Archives for category: Orchard

One of the questions I often get is “how do you do it all?” – and of course the answer is “I don’t!”

In the spring the chores are many and physically demanding.  Planting requires bending over and digging, and there is no way to do little bits because so many of the plant varieties share planting times.

So this weekend Saturday was spent planting starts from the nursery – I direct sow seeds when I can, but every year I get starts from the nursery to jump start some I have trouble with seeds.  This year the starts were strawberries, tomatoes, peppers, squash, cucumbers and some flowers.

image

image

The orchard is ready to be thinned, already the apples are developing.

image

Advertisements

Sunday, 11/11/2012 Veteran’s day came with very cold temps and our first freeze.  This year mother nature skipped frost altogether.  After making breakfast for the family and thanking my father in law for his service the kitchen was pressed into service to produce quince jam and jelly. 

Quince is an old style fruit, and has fallen out of favor.  It is a member of the apple family and looks very much like an apple – with a bit of fuzz and a button end.  However, while the fresh fruit produces an amazingly sweet aroma they are not edible until cooked.  They are so hard that the apple peeler – corer was only about 75% effective and much of the fruit had to be hand peeled, cored, sliced.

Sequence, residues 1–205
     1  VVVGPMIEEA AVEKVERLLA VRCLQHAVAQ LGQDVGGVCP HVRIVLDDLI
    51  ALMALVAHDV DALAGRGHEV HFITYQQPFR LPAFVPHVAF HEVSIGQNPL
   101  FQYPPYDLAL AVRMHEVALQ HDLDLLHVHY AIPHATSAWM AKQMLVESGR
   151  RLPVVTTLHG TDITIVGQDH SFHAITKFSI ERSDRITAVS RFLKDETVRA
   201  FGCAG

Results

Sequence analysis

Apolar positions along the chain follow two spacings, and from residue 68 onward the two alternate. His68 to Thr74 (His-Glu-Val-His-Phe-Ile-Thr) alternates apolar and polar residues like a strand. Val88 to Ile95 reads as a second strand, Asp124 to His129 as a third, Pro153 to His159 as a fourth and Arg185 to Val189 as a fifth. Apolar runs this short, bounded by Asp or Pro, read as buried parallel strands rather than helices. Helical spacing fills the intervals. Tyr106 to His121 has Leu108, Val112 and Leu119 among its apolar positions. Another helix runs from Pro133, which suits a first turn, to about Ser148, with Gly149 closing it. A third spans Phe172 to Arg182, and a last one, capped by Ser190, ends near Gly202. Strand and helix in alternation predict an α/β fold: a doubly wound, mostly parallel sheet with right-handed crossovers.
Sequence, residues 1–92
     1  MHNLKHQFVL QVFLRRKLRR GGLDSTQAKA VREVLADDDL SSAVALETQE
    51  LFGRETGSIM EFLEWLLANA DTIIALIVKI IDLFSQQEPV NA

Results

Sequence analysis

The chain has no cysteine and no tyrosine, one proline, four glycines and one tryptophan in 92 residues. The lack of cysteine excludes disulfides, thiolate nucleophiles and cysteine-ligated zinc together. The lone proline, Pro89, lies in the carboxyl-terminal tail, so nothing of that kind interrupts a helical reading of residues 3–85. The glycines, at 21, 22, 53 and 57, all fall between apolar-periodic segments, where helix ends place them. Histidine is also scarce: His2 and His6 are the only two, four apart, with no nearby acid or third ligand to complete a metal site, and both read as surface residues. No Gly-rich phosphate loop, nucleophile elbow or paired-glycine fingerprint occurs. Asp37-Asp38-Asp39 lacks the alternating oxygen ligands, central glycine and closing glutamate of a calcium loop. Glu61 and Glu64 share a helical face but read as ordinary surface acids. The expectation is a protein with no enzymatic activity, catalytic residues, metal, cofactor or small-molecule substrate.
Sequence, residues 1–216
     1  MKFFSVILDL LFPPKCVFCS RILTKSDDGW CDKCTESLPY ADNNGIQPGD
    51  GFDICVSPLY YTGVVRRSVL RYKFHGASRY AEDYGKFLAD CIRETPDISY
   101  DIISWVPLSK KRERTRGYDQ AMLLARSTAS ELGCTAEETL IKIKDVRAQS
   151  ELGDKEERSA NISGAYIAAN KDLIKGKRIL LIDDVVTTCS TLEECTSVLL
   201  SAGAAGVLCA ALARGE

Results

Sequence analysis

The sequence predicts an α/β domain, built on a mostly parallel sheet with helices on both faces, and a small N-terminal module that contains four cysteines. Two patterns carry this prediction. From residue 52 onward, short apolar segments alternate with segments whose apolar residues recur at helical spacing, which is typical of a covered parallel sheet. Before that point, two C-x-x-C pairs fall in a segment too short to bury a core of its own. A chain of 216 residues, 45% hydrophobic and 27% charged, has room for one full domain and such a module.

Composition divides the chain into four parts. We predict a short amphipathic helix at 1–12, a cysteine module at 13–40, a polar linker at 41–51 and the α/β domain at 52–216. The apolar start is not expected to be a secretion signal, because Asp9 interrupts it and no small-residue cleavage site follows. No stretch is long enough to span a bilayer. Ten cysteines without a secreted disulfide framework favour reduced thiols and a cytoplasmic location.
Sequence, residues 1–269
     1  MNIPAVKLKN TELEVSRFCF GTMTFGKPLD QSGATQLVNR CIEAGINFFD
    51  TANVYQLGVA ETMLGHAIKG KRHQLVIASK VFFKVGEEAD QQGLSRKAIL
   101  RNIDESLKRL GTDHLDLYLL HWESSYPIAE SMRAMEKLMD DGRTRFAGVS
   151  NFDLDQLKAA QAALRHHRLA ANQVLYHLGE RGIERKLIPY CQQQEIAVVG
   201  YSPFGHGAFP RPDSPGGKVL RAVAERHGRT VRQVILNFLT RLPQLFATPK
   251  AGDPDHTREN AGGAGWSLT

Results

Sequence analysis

image

Like apples that are cooked soft to make butters and apple sauce, quince jam requires the fruit be cooked down, and pureed.  That meant I had a juice byproduct to make the jelly with.

image

 

image

image

After the solid fruit is separated from the juice, the juice is strained to remove any remaining solids.  Such a pretty pink!

image

I have made jelly in the past and have produced mortar (overcooked) and syrup (undercooked) instead – so was skeptical and full of self doubt about how this batch would turn out.  The “jelling point” continues to allude me, though this is the closest I think I have come to the correct level of “set” in the jelly. When cooked and the sugar is added the jelly turns a beautiful  deep pink, making a jelly that qualifies as decoration on the pantry shelf.

image

%d bloggers like this: